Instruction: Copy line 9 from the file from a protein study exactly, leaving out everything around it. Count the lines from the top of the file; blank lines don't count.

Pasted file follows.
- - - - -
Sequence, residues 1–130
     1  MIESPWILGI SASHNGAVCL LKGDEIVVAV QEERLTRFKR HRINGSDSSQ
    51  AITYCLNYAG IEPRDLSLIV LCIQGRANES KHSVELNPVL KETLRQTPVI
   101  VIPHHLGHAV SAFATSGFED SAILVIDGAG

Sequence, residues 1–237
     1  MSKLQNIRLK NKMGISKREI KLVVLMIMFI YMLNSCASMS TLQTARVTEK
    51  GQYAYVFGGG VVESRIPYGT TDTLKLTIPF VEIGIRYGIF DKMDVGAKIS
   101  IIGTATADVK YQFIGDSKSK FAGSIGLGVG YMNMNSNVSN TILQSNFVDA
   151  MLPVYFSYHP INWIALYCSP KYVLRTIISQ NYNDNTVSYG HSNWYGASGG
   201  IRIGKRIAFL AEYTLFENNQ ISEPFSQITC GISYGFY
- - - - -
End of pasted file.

   151  MLPVYFSYHP INWIALYCSP KYVLRTIISQ NYNDNTVSYG HSNWYGASGG